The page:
“Life does not consist in the abundance of possessions”

This week’s message centered on the topic of simplifying our life/lifestyle and living below our means, both of which are affirmed again and again in scripture.  Jesus told his disciples “Life does not consist in the abundance of possessions.”  He went on to tell a story about a rich man who had such a good crop that he went out and built a bunch of new barns to hold it.  He was very happy – until he discovered that his life would end the very day the last one was completed.  The moral of the story, according to Jesus, is that what matters is the treasure we store up in heaven, not the goodies we pile up here.

In fact, the treasures we accumulate on earth can become a significant hindrance to our spiritual lives.  We can easily become obsessed with having more and better things and our compulsion to shop can take up time and energy that should go toward scripture reading and prayer and worship – toward deepening our relationship with God who loves us.  This is the work of the tempter among us – tempting us away from the things that matter most to things that have no eternal value.

Our work in resisting this temptation is to cultivate contentment with what we already have – learning to be content no matter what life has brought to us, rejoicing in all circumstances, giving thanks no matter what has happened.  Paul learned to be content.  We can learn to be content.  We can learn to make choices that cost less money and use less energy and resources; choices that result in having less and keeping it longer; choices that free our dollars to be used for things that matter most.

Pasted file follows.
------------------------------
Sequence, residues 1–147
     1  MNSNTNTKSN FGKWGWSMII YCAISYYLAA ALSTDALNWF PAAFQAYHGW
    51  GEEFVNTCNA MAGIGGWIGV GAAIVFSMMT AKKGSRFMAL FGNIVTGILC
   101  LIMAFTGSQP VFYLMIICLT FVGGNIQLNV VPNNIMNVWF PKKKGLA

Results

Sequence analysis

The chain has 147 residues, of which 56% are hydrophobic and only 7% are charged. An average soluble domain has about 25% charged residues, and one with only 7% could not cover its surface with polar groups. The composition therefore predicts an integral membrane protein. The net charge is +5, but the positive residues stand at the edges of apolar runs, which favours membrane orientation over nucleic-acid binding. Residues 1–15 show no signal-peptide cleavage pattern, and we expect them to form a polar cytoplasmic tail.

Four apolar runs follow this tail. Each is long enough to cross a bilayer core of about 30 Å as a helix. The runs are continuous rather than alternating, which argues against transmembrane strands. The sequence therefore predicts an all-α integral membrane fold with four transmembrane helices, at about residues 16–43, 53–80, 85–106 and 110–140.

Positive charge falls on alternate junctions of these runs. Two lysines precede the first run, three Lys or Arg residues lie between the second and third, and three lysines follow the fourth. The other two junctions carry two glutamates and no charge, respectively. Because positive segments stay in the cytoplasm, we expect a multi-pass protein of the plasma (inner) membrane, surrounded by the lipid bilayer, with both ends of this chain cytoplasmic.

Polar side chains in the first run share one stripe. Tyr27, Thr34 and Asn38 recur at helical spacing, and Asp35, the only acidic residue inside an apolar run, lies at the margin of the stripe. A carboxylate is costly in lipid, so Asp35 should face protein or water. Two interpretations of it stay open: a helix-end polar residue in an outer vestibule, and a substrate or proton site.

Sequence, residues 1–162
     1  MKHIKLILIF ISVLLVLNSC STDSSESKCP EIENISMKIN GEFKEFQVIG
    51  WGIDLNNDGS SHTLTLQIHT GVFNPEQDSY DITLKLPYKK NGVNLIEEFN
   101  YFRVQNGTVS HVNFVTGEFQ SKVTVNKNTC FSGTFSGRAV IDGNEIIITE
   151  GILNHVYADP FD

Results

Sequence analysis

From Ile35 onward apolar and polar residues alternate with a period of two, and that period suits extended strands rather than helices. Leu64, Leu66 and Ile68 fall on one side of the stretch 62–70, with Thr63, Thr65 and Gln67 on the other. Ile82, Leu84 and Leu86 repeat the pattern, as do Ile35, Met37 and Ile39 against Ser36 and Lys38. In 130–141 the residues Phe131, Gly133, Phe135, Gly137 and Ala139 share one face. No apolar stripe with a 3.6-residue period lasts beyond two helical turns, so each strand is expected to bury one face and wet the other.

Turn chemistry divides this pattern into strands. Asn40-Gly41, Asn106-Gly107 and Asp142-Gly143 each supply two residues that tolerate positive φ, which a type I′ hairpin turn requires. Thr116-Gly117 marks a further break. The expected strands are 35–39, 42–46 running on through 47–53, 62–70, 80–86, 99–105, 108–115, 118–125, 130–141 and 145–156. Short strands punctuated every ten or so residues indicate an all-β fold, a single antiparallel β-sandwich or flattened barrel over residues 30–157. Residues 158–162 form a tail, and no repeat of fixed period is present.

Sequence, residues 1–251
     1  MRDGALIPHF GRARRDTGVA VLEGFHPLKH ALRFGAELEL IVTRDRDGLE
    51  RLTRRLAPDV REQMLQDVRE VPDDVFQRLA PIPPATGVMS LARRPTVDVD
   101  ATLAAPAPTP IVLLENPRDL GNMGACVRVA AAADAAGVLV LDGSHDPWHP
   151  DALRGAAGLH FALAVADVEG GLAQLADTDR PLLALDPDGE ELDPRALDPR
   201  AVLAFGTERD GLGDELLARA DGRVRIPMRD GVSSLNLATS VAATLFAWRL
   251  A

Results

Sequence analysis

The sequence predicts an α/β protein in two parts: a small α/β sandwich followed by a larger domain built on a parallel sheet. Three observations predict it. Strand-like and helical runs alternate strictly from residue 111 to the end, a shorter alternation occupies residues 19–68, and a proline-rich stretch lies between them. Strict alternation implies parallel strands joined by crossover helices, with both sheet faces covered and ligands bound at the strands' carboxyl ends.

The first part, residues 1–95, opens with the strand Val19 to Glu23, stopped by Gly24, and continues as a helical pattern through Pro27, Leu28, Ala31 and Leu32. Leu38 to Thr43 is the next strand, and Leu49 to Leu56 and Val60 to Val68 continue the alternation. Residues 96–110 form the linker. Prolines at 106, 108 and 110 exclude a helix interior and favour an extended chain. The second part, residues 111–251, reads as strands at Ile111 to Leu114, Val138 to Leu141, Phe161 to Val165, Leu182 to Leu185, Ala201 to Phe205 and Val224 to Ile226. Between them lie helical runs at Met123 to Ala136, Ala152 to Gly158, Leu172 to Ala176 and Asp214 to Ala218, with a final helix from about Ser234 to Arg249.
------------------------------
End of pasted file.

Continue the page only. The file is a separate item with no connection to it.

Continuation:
If you were in worship you received from our stewardship team a key tag with the word “Contentment” on one side and a prayer on the other.  Please put it on the key ring you use most often, and as you open your door or start your car remind yourself to give thanks for a place to live and a car to drive.  Begin the journey toward being content.  Live more wisely and faithfully

This week, if you are a “friend” of First UMC, you will receive from us a letter containing an estimate of giving card for 2014.  These cards are not promissory notes, merely indicators for our finance team of what we can anticipate as income in the coming year.  They can be revised at any time as circumstances change.  The only person that sees them is our finance secretary, who will add them up and give a summary to our finance team to use as we plan expenses for ministry and mission in 2014.  That is the practical side of the issue.

The spiritual side of the issue, which is far more important,  is this:  set aside some time this week to pray and ask God what God would have you give to the mission and ministry of this church for 2014.  The biblical standard is the tithe, or 10% of all income you anticipate receiving.  If you struggle to reach that level, start with SOME percentage, with a plan to move up each year until you can reach the tithe.  Don’t make the decision purely on a practical level.  Consult with the One who made you.  Let Him know you want to please Him, and listen to His response, before you fill out your card.

See you in the place of thanksgiving and praise next Sunday at 8, 9:30, or 11:00.

Remember to try out our “new” contemporary service sometime in the next month.

Blessings and Peace

Pastor Deborah


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